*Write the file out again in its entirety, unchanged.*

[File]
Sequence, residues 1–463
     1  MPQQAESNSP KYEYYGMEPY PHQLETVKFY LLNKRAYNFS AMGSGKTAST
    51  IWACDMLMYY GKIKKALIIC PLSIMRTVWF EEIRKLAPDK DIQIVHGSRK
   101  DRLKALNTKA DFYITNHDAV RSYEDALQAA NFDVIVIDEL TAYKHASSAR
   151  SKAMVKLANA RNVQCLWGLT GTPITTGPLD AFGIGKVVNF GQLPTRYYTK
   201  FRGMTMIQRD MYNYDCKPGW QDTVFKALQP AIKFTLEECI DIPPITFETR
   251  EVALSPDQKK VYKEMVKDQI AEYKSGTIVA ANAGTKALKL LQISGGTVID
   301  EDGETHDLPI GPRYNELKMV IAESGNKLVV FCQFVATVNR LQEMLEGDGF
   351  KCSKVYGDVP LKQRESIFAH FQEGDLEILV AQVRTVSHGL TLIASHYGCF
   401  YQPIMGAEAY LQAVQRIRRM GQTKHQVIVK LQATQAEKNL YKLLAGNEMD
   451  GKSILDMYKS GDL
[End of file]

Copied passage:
Sequence, residues 1–463
     1  MPQQAESNSP KYEYYGMEPY PHQLETVKFY LLNKRAYNFS AMGSGKTAST
    51  IWACDMLMYY GKIKKALIIC PLSIMRTVWF EEIRKLAPDK DIQIVHGSRK
   101  DRLKALNTKA DFYITNHDAV RSYEDALQAA NFDVIVIDEL TAYKHASSAR
   151  SKAMVKLANA RNVQCLWGLT GTPITTGPLD AFGIGKVVNF GQLPTRYYTK
   201  FRGMTMIQRD MYNYDCKPGW QDTVFKALQP AIKFTLEECI DIPPITFETR
   251  EVALSPDQKK VYKEMVKDQI AEYKSGTIVA ANAGTKALKL LQISGGTVID
   301  EDGETHDLPI GPRYNELKMV IAESGNKLVV FCQFVATVNR LQEMLEGDGF
   351  KCSKVYGDVP LKQRESIFAH FQEGDLEILV AQVRTVSHGL TLIASHYGCF
   401  YQPIMGAEAY LQAVQRIRRM GQTKHQVIVK LQATQAEKNL YKLLAGNEMD
   451  GKSILDMYKS GDL